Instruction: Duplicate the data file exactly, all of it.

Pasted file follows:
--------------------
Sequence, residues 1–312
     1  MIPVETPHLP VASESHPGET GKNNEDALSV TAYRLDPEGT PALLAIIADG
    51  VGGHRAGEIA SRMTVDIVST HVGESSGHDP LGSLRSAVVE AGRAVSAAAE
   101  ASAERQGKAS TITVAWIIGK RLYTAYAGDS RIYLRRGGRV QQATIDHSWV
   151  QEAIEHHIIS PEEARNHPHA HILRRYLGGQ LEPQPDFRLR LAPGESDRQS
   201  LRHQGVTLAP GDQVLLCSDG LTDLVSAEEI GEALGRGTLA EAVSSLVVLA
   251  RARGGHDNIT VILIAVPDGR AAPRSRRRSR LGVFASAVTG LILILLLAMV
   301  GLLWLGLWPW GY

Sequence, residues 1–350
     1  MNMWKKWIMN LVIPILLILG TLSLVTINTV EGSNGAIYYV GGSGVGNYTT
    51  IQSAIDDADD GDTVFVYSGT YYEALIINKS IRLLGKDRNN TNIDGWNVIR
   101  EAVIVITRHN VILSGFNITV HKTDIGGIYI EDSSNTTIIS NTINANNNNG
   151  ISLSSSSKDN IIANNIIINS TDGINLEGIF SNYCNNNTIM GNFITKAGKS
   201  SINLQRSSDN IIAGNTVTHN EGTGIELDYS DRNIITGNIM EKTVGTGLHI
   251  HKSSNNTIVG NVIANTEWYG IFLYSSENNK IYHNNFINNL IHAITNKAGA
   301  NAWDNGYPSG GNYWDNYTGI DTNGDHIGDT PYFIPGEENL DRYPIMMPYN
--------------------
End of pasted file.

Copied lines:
Sequence, residues 1–312
     1  MIPVETPHLP VASESHPGET GKNNEDALSV TAYRLDPEGT PALLAIIADG
    51  VGGHRAGEIA SRMTVDIVST HVGESSGHDP LGSLRSAVVE AGRAVSAAAE
   101  ASAERQGKAS TITVAWIIGK RLYTAYAGDS RIYLRRGGRV QQATIDHSWV
   151  QEAIEHHIIS PEEARNHPHA HILRRYLGGQ LEPQPDFRLR LAPGESDRQS
   201  LRHQGVTLAP GDQVLLCSDG LTDLVSAEEI GEALGRGTLA EAVSSLVVLA
   251  RARGGHDNIT VILIAVPDGR AAPRSRRRSR LGVFASAVTG LILILLLAMV
   301  GLLWLGLWPW GY

Sequence, residues 1–350
     1  MNMWKKWIMN LVIPILLILG TLSLVTINTV EGSNGAIYYV GGSGVGNYTT
    51  IQSAIDDADD GDTVFVYSGT YYEALIINKS IRLLGKDRNN TNIDGWNVIR
   101  EAVIVITRHN VILSGFNITV HKTDIGGIYI EDSSNTTIIS NTINANNNNG
   151  ISLSSSSKDN IIANNIIINS TDGINLEGIF SNYCNNNTIM GNFITKAGKS
   201  SINLQRSSDN IIAGNTVTHN EGTGIELDYS DRNIITGNIM EKTVGTGLHI
   251  HKSSNNTIVG NVIANTEWYG IFLYSSENNK IYHNNFINNL IHAITNKAGA
   301  NAWDNGYPSG GNYWDNYTGI DTNGDHIGDT PYFIPGEENL DRYPIMMPYN